Contagious interviewed Professor Jenni Romaniuk, the associate director at the Ehrenberg-Bass Institute for Marketing Science, about Distinctive Brand Assets (January 14, 2022).

« Distinctiveness is looking like you and not like others so other people can easily identify that something is from your brand. We talk about distinctive assets because we break it down into specific elements like colours, logos and names. It’s a specific visual or audio or sensory cue that just tells people who any piece of collateral is from. »

« If you have the greatest brand but the weakest distribution, it’s not going to convert to sales…  So we talk about systems and laws of growth, of which branding and distinctiveness are a really important part… So it’s not easy to say, ‘if you’re 10% more distinctive you will get 3% more in sales’, because the line between those two things is complicated. »

« Marketers tend to inflate their asset strength, and that’s for a couple of reasons. One is they tend to have the full information about what their brand did, and they don’t understand that the consumer rarely does… And they underestimate what competitors are doing, because they don’t have full visibility of competitor activity, so they don’t understand where there’s an overlap and a consumer might confuse something they’re doing with the work of a competitor. »

« The other thing is that marketers tend to notice assets that they’re working on, which usually involves some form of change, and change is the thing that actually weakens distinctive assets. »

« Some of my best projects with companies are the ones where after the research nothing happened, because we demonstrated that it was going to either be a bad move or of no benefit. »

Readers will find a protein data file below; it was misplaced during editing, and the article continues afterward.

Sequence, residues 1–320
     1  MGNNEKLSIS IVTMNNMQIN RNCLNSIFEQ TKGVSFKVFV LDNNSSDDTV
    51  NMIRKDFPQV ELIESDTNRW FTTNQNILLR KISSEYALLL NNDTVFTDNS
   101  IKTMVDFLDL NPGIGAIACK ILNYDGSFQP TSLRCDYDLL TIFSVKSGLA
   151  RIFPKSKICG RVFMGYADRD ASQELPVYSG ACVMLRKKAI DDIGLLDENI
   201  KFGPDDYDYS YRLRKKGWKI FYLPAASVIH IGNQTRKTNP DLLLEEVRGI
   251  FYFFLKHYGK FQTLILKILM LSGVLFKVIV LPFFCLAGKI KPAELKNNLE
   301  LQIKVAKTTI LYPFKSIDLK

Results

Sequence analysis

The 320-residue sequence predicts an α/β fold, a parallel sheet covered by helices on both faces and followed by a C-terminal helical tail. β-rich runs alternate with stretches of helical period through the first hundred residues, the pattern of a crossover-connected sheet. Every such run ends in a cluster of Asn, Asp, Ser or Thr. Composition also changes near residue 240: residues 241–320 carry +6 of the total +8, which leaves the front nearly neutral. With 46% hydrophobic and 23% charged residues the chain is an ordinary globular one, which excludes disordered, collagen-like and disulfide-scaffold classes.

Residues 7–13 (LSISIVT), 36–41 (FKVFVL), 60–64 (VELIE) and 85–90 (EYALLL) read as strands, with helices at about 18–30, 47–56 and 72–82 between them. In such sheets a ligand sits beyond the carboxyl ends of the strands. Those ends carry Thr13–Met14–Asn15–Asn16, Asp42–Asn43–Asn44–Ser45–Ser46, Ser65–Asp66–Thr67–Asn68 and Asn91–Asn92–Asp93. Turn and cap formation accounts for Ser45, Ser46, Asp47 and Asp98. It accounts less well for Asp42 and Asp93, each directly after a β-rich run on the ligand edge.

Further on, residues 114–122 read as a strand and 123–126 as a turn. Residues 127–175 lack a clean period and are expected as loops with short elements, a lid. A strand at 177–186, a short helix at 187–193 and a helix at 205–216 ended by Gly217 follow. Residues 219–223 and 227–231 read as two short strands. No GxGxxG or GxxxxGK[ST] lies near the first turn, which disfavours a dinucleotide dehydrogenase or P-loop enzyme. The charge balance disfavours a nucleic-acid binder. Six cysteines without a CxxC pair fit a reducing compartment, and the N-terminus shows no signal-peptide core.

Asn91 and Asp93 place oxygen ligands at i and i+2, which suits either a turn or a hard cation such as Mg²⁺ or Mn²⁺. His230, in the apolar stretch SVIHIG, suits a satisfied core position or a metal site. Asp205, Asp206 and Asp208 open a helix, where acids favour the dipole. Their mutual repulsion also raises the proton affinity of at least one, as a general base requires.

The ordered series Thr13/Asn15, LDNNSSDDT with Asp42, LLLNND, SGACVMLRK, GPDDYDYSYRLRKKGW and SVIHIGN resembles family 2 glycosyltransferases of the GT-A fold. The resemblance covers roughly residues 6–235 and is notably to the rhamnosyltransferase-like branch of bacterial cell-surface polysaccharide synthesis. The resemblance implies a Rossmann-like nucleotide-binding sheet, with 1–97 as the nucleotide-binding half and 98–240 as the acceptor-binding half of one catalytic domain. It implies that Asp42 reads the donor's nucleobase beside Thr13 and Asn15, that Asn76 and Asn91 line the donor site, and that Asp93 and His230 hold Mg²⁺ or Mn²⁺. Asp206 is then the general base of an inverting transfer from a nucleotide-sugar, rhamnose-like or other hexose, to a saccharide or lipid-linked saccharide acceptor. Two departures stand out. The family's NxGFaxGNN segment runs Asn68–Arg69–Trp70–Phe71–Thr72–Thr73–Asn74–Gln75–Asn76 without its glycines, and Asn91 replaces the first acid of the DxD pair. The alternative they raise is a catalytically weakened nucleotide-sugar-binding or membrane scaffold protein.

« The one thing I’m trying to push is that you don’t want your distinctive assets to be fashion items… And the more you change it the more you turn it into a fashion item, the more it’s likely to be a product of its time. »

« People often confuse consistency of form and consistency of use. Consistency of form is that it looks like what it is. So if you are a Coca-Cola bottle you have that shape that is a silhouette and you look like the Coke bottle. Consistency of use would be, for instance, always showing the Coca-Cola bottle in the top right corner of every ad. »

« Consistency of form is particularly important when you’re building assets, when you’re trying to strengthen an asset and get it to a point where it’s so well known that it basically replaces the brand name. If you play around with an asset too much while you’re building it, you aren’t strengthening the same asset, you’re creating different ones. »

« But once you’ve got a strong asset you don’t need consistency of use. Once you have the form in people’s minds, you can start to challenge it and have fun with it… I’ve had discussions with marketers who have tried to impose consistency of use, and that’s when you get the creative constraints that people tend to want to fight against. »

Jenni Romaniuk is the author of Building Distinctive Brand Assets (2018). 

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